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Joseph, E.D. (1959). An Unusual Fantasy in a Twin with an Inquiry Into the Nature of Fantasy. Psychoanal Q., 28:189-206.

(1959). Psychoanalytic Quarterly, 28:189-206

An Unusual Fantasy in a Twin with an Inquiry Into the Nature of Fantasy

Edward D. Joseph, M.D.

This paper has a twofold purpose. It presents a fantasy not uncommonly encountered in a certain type of 'borderline' patient who shows pronounced feminine identifications and demonstrates how such a fantasy throws light upon the ego structure of the patient. Secondly, it inquires briefly into the nature of fantasy in general.

Toward the end of the second year of analysis, a thirty-three-year-old man haltingly reported a fantasy. 'When a man has intercourse with a woman, he puts his penis in and then the danger comes. That's why a woman bleeds—because she holds the bleeding stump. She clamps down on it and nips it off and then holds the penis in her until her period, when she bleeds. The bleeding is from her and from the bloody stump—in that way she also loses it so that she doesn't have it anyway. That's why I felt so brave when I first put my penis into that black hole, but I want to get out as quickly as possible so nothing happens to me.'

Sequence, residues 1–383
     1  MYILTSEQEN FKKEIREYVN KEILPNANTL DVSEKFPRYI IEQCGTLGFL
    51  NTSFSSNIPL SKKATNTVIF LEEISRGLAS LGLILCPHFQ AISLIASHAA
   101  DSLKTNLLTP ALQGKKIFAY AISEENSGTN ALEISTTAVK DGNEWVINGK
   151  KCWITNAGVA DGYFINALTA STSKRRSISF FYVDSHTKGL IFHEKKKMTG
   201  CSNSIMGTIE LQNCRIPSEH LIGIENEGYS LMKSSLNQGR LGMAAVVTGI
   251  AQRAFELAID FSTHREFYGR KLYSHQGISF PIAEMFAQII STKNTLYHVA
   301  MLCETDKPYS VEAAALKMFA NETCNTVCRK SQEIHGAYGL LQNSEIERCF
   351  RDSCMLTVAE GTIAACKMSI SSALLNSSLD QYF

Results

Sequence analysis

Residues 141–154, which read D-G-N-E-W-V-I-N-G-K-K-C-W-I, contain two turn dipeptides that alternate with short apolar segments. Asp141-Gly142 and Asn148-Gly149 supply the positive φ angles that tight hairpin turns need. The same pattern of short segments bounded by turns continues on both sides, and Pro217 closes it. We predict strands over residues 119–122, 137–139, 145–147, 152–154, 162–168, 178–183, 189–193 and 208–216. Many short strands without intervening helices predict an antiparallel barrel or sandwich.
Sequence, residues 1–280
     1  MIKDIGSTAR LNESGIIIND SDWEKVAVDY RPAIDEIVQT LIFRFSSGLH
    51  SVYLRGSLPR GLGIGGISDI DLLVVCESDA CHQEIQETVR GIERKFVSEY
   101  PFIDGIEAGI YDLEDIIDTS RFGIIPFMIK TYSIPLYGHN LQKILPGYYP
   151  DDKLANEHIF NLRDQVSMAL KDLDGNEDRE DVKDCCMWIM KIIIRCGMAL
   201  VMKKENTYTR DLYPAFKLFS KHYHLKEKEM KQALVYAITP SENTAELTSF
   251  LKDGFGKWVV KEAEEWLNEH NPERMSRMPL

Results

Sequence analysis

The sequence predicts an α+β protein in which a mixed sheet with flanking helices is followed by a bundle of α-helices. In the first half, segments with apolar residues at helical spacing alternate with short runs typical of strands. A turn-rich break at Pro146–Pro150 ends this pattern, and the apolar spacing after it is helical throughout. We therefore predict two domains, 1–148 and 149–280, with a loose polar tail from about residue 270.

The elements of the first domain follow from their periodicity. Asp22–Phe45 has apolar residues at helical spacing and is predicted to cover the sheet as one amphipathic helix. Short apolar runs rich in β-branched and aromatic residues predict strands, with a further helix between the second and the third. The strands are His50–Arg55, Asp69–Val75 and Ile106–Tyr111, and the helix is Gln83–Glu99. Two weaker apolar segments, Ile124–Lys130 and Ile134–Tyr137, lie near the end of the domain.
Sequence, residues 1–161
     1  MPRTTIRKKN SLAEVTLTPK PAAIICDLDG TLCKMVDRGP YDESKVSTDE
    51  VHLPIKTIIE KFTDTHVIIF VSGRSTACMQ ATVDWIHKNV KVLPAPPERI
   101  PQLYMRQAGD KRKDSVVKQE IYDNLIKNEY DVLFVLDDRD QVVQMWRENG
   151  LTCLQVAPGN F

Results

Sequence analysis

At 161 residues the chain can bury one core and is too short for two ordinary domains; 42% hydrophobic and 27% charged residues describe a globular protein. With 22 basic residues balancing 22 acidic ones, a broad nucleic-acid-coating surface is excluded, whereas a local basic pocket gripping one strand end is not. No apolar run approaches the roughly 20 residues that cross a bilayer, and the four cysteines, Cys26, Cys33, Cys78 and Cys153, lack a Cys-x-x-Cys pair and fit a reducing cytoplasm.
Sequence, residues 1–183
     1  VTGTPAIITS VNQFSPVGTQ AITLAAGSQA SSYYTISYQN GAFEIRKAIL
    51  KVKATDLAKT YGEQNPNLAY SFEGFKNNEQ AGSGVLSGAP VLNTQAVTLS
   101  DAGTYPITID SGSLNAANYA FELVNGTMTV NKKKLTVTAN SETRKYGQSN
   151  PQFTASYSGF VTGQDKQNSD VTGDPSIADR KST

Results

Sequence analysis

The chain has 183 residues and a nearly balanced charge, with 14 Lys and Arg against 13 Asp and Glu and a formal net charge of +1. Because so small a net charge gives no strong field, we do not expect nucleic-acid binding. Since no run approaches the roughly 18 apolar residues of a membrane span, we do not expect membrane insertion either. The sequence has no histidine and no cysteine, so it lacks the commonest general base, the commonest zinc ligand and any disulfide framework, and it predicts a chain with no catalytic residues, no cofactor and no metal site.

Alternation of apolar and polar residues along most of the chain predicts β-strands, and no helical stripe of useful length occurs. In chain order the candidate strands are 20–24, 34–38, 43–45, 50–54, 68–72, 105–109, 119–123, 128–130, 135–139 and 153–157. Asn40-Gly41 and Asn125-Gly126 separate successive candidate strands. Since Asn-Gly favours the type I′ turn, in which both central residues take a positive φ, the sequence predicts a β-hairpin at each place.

Verbalizations such as this from a patient have long been called fantasies. However, the actual definition of fantasy is unclear in psychoanalytic literature; it is one of the many terms loosely used for a wide range of phenomena. In nonanalytic usage, Funk and Wagnalls New Standard Dictionary (1952) provides a definition that is adequate even if not completely acceptable in analytic thinking.

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